The British government has agreed to a provision to its emergency coronavirus bill which would have allowed for the forced cremation of bodies, a practice that is forbidden by both the Jewish and Muslim faiths.
The provision, which follows protests from representatives of each community, calls for authorities to “have regard” for the disposal of bodies “in accordance with the person’s wishes, if known, or otherwise in a way that appears consistent with the person’s religion or beliefs,” in legislation that tackles the public health emergency caused by the coronavirus outbreak.
The legislation, which originally stated that “personal choice for body disposal will be respected as far as possible,” received pushback from several Jewish and Muslim groups, including the WJC- affiliated Board of Deputies of British Jews, which expressed concern that the legislation could violate an individual’s deeply held religious beliefs against cremation.
The provision was welcomed by Marie van der Zyl, the president of the Board of Deputies of British Jews and a vice president of the World Jewish Congress, who said that the BoD "would like to extend our deep and sincere thanks to the Government for working with us to amend this legislation, to protect the final wishes and religious freedoms of the deceased. There could be few things more sacred.”
“It shows, even in these difficult times for our nation, why we have so much reason to be proud of this wonderful country.”
BoD President van der Zyl specifically thanked Labor MP Naz Shah, who advanced an amendment giving a religious exception to individual’s with religious beliefs against cremation, and Health Secretary Matt Hancock and Communities Secretary Robert Jenrick for their hard work ensuring that the legislation would be altered. Following news that the legislation would be amended, Shaz posted on twitter that she was “so relieved that the Government have listened to what we've said about religious burials for Muslim and Jewish people and have brought forward an amendment to address our concerns. I don't need to push my amendment to a vote. Thank you so much to everyone for your support!”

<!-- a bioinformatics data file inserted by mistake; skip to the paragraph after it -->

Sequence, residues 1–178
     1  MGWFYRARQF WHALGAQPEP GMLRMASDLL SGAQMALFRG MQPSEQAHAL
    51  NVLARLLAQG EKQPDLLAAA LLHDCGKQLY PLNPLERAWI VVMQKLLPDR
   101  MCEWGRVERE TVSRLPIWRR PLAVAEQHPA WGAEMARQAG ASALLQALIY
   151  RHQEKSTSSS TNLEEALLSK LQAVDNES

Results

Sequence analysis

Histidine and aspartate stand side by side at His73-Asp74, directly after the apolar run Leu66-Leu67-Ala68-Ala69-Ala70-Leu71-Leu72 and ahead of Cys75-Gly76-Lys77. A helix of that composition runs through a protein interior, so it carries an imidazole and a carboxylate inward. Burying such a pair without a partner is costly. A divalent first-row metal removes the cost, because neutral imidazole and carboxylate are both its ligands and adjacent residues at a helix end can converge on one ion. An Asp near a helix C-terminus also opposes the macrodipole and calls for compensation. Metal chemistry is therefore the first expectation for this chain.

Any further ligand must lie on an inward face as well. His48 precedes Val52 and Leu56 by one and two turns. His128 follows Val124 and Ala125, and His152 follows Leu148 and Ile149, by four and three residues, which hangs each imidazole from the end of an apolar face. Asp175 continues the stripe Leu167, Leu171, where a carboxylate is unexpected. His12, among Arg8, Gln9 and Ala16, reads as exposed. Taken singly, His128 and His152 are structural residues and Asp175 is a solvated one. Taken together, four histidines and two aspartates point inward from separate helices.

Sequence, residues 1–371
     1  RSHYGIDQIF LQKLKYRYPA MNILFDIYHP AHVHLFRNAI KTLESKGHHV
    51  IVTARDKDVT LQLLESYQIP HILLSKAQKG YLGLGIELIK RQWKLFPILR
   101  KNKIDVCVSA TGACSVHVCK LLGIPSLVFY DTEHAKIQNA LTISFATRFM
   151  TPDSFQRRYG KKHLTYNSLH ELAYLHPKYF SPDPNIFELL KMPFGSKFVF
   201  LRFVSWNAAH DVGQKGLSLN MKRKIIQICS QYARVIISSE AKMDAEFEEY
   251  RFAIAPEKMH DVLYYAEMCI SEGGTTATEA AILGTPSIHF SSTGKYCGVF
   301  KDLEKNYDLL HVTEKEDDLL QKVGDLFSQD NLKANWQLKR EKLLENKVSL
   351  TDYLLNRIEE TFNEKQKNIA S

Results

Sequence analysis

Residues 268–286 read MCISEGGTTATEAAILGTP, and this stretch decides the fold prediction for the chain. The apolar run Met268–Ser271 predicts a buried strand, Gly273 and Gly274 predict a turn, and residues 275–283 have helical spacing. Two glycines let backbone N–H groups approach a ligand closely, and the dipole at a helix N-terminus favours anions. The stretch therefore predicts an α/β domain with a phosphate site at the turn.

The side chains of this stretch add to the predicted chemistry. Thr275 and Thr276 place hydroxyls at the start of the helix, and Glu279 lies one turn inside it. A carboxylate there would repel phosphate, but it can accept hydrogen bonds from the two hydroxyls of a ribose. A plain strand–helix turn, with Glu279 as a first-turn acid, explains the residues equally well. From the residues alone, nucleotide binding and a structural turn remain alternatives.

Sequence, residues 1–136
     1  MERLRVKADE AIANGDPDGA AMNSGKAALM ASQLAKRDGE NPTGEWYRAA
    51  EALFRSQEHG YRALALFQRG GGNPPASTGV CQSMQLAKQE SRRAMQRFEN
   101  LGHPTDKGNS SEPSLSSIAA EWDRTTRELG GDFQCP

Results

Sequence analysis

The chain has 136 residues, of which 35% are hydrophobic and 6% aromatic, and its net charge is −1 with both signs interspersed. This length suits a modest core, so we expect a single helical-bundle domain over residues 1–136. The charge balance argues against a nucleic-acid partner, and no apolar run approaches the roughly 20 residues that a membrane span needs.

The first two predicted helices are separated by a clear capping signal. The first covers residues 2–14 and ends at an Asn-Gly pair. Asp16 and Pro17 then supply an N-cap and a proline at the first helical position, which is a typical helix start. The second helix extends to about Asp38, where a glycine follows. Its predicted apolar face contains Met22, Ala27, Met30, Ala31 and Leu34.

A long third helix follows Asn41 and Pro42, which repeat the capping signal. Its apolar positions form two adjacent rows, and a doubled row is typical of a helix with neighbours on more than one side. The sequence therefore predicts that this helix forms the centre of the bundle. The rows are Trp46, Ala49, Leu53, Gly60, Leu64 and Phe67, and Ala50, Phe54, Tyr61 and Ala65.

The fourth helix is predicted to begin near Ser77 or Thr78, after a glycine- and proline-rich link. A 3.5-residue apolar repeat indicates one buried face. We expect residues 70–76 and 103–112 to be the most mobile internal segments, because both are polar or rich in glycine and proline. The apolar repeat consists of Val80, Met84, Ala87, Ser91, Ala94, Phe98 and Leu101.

On Monday, WJC President Ronald S. Lauder issued a video message to the 100 WJC-affiliated Jewish communities around the world reacting to the coronavirus outbreak. In his remarks, Lauder promised that “the World Jewish Congress stands ready to aid every Jewish community around the world. If you need help, if there is something we can do, contact us immediately.”